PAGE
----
Lviv is a recognized capital of coffee and chocolate. So it’s worth to track the event calendar of the city – it made a go significantly to attract and entertain its guests by numerous festivals and folk-fairs – cheese, wine etc.
The city is surrounded with the noble castles (maintained to different conditions) that are great for days out.
Lviv has better developed accommodation industry than any other Ukrainian touristic destinations, so you can easily choose an appropriate hotel, hostel or apartment up to your taste.
Kharkov, the first capital of Ukraininian SSR, nowadays is the second largest city after Kyiv and to the uninitiated can appear large, impersonal and, to be honest, a little grey. Come here in Spring and Summer though and you will quickly realize that it has one of the greatest “greenspace: people ratios” in Europe and despite a lingering soviet heritage is gradually becoming more people-friendly. Full of students and with a robust industrial background the City has a very dynamic but different lifestyle to that of the capital. There is money here – but it is less about bling and more about the substance so there are less Hummers per square kilometre than Kiev. However, if you are desperately seeking a flashback to the Eighties, we recommend “Bolero”, a nightclub just outside of the city centre that should be declared a National treasure.
At long last, many of the roads have been completely renovated and broadened and attention has been made to make sure that the pedestrian has an easier time – before a person could easily fall down a pothole and be unnoticed for days. Finally, the City has undertaken a complete renovation of the Metallist soccer stadium and replaced the outdated airport with a modern contemporary structure that would not look out of place in Paris or Berlin.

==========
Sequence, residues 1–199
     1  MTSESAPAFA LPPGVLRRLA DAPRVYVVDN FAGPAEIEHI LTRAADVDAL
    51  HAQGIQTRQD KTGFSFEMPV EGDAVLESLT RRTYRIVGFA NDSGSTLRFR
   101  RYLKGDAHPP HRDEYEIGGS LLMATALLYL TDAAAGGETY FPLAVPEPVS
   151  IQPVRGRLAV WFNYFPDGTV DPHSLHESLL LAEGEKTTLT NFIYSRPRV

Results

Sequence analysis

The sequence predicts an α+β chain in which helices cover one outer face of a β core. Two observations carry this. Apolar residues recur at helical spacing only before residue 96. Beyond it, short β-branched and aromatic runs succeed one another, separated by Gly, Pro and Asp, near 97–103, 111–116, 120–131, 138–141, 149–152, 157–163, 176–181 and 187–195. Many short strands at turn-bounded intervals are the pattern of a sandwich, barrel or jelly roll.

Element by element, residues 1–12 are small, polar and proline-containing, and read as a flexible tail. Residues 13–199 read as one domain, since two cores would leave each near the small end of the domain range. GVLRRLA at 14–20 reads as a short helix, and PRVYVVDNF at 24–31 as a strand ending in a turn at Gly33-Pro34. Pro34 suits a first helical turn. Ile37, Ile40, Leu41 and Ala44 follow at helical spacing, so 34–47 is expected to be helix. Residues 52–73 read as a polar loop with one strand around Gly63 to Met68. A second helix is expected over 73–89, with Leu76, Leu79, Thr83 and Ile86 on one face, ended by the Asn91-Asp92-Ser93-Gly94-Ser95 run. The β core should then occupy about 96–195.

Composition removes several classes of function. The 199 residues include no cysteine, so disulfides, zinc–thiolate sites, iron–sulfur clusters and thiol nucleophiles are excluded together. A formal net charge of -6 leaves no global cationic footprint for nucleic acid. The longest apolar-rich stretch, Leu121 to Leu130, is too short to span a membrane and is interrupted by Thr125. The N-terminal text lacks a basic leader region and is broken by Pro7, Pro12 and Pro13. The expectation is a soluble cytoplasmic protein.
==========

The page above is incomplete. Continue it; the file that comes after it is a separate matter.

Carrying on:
If you like romantic seaside towns – Odessa is the place to be. It is a bustling seaport and has all the pros and cons associated with such a unique location – cosmopolitan on the one hand but with an air of transience on the other. If you live elsewhere in Ukraine at times it is difficult to remember that you are still in the same country but a glimpse at the crumbling infrastructure is all you need to bring you back to reality. In the meantime the City is a mix of Mediterranean and Slavic cuisine, haut couture and decadence, stray cats, sea breezes and a wedding cake opera house.
For the Ukrainians and even Ukrainian emigrants Odessa is a symbol of ‘L'art de vivre’. Many of those try to spend week end in the city, enjoying that frivolous atmosphere as well as excellent cuisine, night life and shopping. It takes just about 5-6 hours of the car driving on the intercity highway from Kiev. You can also use train, airline or intercity bus connection. A number of international low-cost airlines operate direct flights from some European and Asian hubs to Odessa.
More expats' impressions – on our Forum!